A plastics factory inspector who killed two colleagues and wounded four others Thursday apparently began his shooting frenzy because he thought co-workers had mocked his sexual orientation, police said Friday.
"I am not gay!" Daniel S. Marsden, 38, yelled during the rampage, police said. Officials said it remains unclear whether other factors caused him to attack his fellow employees.
Marsden later turned the gun on himself in front of horrified onlookers on a South-Central Los Angeles corner and died Thursday afternoon.
After arriving at Omni Plastics in Santa Fe Springs Thursday morning, Marsden began shouting and complaining that certain employees were taunting him because they thought he was gay, police said.
"He was upset about that," said Chuck Drylie, spokesman for the Whittier Police Department. "That appears to be the motivating factor: ridicule from other employees."
An Omni spokeswoman said the company had no knowledge that anyone was taunting him.
According to the spokeswoman, Maria Contreras-Sweet, employees said Marsden had overheard a recent conversation between co-workers in Spanish and demanded to know if they were talking about his sexual orientation. "The discussion had nothing to do with that," Contreras-Sweet said. "No one had any knowledge that anything like [ridicule] happened. We haven't been able to understand it."
Cindy Mora, a payroll accountant who cowered under her desk during the rampage, said co-workers who witnessed the scene told her Marsden screamed, "I am not homosexual--you people are going to pay!" before opening fire.
Police said it was unclear if Marsden was shooting at the people he thought were taunting him. However, several witnesses reported that Marsden seemed to be firing at random.
"He was shooting at anything that moved," Mora said.
The shooting left many in shock as they tried to comprehend the sudden violence in a typically placid workplace.
One of the victims, Salvador Lara, 55, was remembered by friends and relatives Friday as a dedicated worker and kind father who had made his way north from his hometown of Guanajuato, Mexico.
While Lara's widow, Carlota, was out making funeral arrangements, her sister spoke to reporters in front of the family's home in a quiet, working-class neighborhood in Norwalk. She described Lara as a generous father who had provided everything he could for his two sons, 24 and 30, and daughter, 25.
"We didn't feel that he deserved this because he was a very good person--very decent, very dedicated to his work," said Gloria Aguirre, Lara's sister-in-law. "He wanted to be a good provider for [his children] whenever they needed."
Lara put his children through private schools, then paid for his daughter's education at Cal State Fullerton, where she recently earned a bachelor's degree.
Lara came to the United States in 1963, Aguirre said, and quickly found a job and saved money to marry Carlota.
"He did what it took to survive here, to make a good living, before getting married," she said, adding that he and Carlota had been married for 32 years.
For 21 years, her next-door neighbors had shared "nothing but happiness," said Claire Apodaca. "I couldn't believe [Lara] had one enemy in the world," she said. "Nobody would hurt that man. He was too nice."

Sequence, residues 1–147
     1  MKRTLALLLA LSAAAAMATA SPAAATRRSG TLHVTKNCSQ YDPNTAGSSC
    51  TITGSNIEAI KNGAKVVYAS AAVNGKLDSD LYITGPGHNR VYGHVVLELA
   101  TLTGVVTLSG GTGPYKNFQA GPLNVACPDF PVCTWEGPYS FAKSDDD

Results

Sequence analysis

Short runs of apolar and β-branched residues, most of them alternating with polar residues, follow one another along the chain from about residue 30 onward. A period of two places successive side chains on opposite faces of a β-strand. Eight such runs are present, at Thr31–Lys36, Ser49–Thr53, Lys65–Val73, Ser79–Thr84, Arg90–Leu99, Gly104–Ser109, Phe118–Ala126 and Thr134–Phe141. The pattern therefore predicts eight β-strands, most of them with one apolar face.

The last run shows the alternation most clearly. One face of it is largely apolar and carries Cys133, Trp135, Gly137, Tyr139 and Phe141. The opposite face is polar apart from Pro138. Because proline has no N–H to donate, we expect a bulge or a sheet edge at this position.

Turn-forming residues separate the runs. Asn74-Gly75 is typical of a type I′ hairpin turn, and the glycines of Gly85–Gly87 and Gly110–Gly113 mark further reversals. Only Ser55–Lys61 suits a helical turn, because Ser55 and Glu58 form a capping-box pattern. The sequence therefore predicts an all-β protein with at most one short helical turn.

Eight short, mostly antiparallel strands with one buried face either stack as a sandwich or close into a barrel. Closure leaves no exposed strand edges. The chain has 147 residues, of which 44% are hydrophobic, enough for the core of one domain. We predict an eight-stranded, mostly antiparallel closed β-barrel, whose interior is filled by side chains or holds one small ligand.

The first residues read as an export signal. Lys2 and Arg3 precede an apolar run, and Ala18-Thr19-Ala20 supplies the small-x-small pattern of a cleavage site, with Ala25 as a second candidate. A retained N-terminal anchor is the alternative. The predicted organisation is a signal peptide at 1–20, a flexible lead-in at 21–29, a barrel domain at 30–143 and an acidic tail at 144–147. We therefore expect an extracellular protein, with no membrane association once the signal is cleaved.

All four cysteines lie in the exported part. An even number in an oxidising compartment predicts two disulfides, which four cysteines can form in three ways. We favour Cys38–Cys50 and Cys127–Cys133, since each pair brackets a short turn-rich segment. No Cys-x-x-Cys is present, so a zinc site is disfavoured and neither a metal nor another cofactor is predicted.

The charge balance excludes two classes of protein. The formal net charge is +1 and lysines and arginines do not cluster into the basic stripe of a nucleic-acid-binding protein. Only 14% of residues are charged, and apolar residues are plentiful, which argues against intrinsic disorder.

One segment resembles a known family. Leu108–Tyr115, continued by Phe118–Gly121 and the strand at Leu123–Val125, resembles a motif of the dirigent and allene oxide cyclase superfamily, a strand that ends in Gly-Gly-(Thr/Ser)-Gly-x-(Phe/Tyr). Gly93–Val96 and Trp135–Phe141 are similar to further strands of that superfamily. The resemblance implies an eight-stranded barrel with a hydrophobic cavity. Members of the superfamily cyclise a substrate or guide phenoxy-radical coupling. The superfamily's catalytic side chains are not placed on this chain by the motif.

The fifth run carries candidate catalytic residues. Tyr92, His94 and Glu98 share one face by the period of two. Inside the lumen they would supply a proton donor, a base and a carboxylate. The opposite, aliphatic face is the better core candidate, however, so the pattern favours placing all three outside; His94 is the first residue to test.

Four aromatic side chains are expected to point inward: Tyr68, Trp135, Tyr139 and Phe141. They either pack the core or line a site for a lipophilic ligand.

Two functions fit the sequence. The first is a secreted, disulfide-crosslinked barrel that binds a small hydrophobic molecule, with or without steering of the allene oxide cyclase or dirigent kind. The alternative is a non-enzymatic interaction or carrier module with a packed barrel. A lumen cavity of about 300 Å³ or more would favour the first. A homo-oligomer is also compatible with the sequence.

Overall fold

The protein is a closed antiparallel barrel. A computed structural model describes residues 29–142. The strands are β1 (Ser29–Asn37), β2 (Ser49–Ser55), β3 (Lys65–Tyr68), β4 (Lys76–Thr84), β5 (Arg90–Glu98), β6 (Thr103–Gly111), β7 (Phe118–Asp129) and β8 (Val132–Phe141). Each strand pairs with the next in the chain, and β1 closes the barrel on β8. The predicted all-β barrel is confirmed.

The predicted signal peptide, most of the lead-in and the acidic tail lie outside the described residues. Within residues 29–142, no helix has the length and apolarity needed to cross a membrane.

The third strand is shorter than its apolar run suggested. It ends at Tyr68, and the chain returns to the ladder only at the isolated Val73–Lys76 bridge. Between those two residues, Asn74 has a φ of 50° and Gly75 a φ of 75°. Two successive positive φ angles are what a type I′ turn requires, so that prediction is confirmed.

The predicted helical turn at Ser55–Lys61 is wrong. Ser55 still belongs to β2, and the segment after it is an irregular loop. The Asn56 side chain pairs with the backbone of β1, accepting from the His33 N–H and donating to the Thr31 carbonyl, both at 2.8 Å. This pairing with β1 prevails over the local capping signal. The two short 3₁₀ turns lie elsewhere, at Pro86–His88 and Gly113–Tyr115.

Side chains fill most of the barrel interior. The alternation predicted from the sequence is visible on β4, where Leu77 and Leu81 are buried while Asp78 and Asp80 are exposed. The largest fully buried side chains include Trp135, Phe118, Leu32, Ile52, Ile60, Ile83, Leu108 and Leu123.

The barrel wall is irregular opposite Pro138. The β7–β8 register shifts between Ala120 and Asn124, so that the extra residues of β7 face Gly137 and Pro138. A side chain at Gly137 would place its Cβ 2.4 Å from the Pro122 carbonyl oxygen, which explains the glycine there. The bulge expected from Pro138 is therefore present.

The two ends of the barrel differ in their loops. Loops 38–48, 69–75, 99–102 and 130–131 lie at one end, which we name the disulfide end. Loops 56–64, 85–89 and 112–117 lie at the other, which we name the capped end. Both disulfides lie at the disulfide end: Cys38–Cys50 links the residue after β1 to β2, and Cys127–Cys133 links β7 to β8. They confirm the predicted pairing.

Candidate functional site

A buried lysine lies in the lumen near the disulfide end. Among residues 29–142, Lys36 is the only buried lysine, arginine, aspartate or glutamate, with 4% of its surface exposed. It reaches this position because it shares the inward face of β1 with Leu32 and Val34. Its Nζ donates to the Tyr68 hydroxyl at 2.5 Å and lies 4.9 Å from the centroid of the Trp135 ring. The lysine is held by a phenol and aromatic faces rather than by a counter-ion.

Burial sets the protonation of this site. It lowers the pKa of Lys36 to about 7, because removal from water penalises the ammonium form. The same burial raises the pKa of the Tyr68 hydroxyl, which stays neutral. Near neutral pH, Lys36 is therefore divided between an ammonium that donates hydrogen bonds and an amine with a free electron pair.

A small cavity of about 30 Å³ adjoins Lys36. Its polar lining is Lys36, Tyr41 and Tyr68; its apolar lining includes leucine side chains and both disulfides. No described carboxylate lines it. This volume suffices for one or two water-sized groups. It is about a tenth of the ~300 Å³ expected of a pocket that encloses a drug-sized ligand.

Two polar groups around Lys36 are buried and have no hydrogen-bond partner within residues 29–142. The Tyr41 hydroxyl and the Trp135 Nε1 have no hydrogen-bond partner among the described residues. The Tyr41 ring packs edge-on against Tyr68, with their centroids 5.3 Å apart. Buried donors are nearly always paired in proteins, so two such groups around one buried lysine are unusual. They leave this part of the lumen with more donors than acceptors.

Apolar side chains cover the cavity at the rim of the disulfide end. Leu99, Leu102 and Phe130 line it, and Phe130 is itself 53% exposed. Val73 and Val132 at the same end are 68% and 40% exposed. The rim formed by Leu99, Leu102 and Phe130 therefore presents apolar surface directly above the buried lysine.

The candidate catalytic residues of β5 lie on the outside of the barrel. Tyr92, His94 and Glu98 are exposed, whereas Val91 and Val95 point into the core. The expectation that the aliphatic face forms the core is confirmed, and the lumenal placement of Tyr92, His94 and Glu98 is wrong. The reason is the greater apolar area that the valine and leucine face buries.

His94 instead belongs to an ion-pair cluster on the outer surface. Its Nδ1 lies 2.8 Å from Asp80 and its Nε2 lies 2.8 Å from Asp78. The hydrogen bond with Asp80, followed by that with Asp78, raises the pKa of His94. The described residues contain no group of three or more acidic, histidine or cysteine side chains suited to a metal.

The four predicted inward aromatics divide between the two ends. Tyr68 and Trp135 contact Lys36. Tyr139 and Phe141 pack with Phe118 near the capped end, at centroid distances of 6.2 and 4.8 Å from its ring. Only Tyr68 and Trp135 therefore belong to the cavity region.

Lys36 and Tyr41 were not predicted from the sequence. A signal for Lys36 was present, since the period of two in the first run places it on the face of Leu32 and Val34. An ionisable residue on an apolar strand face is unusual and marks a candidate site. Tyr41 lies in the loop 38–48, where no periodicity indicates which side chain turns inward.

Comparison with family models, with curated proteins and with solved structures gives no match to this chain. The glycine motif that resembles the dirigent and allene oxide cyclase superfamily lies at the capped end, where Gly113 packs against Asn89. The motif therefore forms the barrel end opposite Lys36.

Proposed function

Ahmad Mardak, a 39-year-old quality assurance engineer from Newhall, was also killed. His family declined to be interviewed.
On Friday, four other victims remained hospitalized for gunshot wounds, including LaWana Bryant, a 33-year-old administrative assistant from Downey, who was in critical condition. Doctors said her condition was improving. She was the first person Marsden shot before firing his 9-millimeter semiautomatic throughout the office and warehouse.
Salesman Michael Gann, 30, of Thousand Oaks, was in fair condition and Daniel St. George, an engineering manager from Santa Fe Springs, remained in serious condition. James Lauerman, a quality assurance engineer, was in serious but stable condition at an Anaheim hospital close to his home.
Families of the surviving victims kept vigil at hospitals Thursday night and wondered what provoked the violent attack.
"We're pretty much in shock," said Lauerman's son, Ken, whose father has worked at Omni for about four years. "We don't really know what to think about what happened. Never in my life would I expect to find out something like this. Everybody is just wondering, bewildered. Why? Why him?"
Marsden, described by some co-workers as quiet and withdrawn, left few clues to his past.
Omni executives said they hired him about a year ago as a quality control inspector, a job he performed without incident.
Court records show that Marsden was arrested for driving while intoxicated in 1988. Two years earlier, he was charged with assault and battery and disturbing the peace in Fullerton. He was eventually convicted of disturbing the peace and was fined and sentenced to 36 months probation, police said.
By mid-Friday, authorities were still trying to locate Marsden's relatives. Neighbors at his Long Beach apartment said they didn't know him well.
"Sadly, the fact that he killed himself pretty much puts an end to our investigation," Drylie said.
On Friday, bouquets of flowers were left at the door of Omni Plastics, a nondescript beige building in the middle of an orderly industrial park.
The office was closed for business, but employees filed in for counseling sessions throughout the day and company executives planned a memorial service for later next week. Customers and suppliers to the plastics manufacturing company faxed letters of support.
A trust fund for the victims was established by the company. Donations can be sent to Omni Plastics Victims Fund, 9834 Jordan Circle, Santa Fe Springs, CA 90670.
Times staff writer Peter Y. Hong and correspondents Greg Sandoval and Debra Cano contributed to this report.